Seeing both processes at the same time is difficult, because gray hair abounds more than black hair and covers much of it. To see the black hair you need to take a picture using a flash, so that light passes through the white hair. Conversely, to see the white hair you need to take a picture in natural light, without a flash. I did both today, to show you what I mean, and the result is seen below. Please click on the image to view an enlarged one.



I expect that, eventually, the gray hair will be replaced by black hair. I base that assumption on the fact that, elsewhere, black hair has replaced gray hair at a brisk pace. The process takes time, but it is only 11 months since I started it and it amazes me every day. So if you are trying it, keep working. It takes time but if you do it right, with patience and perseverance, you will see results.


Blog Image Copyright: logo3in1 / 123RF Stock Photo

Posted by on in Regrow Healthy Hair
White Is the New Black

This is one of my irregular updates, which I post when I think I have anything worth sharing.

I have been worried, lately, as to how long it will take for my bald spot to fill up with black hair. Over the months I have come to realize that regrowing a dark hair on a spot that has been bare for a long time requires a lot of work from the body. First, a “dead” follicle has to be resurrected so it can actually grow a hair, and then the genes that are responsible for melanin production must be turned on again to replace dead melanocyte stem cells. In a growing hair, greying occurs when melanin ceases to be produced in the hair root, because the melanocyte stem cells at the base of hair follicles, which produce melanin, die and as a result new hairs grow in without pigment.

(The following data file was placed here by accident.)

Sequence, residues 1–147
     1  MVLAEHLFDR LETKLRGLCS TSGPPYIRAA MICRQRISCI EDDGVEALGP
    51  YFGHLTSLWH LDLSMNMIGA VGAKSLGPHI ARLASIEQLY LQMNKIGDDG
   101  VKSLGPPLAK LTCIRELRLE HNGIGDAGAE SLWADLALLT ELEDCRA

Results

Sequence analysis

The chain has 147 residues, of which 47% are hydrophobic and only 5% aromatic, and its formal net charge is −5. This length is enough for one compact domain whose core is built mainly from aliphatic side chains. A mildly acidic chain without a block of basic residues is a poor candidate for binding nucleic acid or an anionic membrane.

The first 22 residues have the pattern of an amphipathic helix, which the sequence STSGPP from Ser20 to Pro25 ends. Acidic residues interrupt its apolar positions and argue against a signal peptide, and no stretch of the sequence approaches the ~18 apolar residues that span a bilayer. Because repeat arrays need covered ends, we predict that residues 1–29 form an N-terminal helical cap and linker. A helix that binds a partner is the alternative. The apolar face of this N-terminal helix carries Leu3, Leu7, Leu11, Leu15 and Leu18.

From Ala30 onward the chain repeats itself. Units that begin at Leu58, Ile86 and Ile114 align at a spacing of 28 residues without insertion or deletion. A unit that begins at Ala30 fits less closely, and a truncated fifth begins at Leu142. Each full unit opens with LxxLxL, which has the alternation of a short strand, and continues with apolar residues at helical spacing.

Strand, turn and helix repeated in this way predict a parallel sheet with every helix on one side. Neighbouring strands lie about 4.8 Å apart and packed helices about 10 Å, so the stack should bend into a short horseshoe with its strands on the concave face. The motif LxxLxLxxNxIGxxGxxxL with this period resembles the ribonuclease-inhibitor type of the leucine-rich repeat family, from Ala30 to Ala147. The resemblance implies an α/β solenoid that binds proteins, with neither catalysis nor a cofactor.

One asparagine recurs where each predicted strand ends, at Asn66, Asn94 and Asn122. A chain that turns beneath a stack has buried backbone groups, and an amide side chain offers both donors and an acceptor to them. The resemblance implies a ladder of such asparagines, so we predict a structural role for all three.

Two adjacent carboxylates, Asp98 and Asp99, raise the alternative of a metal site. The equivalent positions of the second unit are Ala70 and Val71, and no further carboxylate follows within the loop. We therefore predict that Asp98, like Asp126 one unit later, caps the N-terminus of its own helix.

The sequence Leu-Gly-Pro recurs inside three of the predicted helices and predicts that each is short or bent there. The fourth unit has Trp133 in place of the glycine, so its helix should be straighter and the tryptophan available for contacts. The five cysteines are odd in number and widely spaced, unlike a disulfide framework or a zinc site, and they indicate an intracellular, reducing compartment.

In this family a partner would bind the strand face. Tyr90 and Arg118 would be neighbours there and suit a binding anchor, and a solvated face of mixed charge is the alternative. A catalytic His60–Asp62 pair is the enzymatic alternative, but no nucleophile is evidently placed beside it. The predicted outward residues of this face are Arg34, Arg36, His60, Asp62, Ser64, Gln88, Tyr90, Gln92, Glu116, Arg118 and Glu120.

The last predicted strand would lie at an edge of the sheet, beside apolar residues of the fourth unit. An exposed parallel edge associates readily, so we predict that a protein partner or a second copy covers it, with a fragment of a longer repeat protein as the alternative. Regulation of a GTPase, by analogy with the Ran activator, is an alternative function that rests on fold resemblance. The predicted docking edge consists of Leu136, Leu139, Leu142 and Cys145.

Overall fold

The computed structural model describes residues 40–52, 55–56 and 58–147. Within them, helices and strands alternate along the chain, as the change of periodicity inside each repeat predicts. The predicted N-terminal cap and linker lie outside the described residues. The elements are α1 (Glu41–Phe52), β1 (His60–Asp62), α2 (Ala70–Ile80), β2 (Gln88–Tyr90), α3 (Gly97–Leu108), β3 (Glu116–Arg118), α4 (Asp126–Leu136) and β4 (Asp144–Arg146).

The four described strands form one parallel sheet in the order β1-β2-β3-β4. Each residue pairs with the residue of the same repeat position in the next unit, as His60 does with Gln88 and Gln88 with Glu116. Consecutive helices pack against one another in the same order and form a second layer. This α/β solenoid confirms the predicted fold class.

Hair growth and pigmentation of the hair are two separate processes and for the hair to grow dark both must happen simultaneously. Bringing about both changes at once must require quite some efforts and, therefore, the process of filling my once substantial hairless expanse takes time.

Luckily, my mind seems to be smarter than I. What it appears to be doing right now is growing the majority of new hair without bothering about melanin, so the bald spot can be covered with hair faster. There is nothing to stop it then, when the new hair cycle comes along, to reactivate the melanocyte stem cells, as has already happened widely.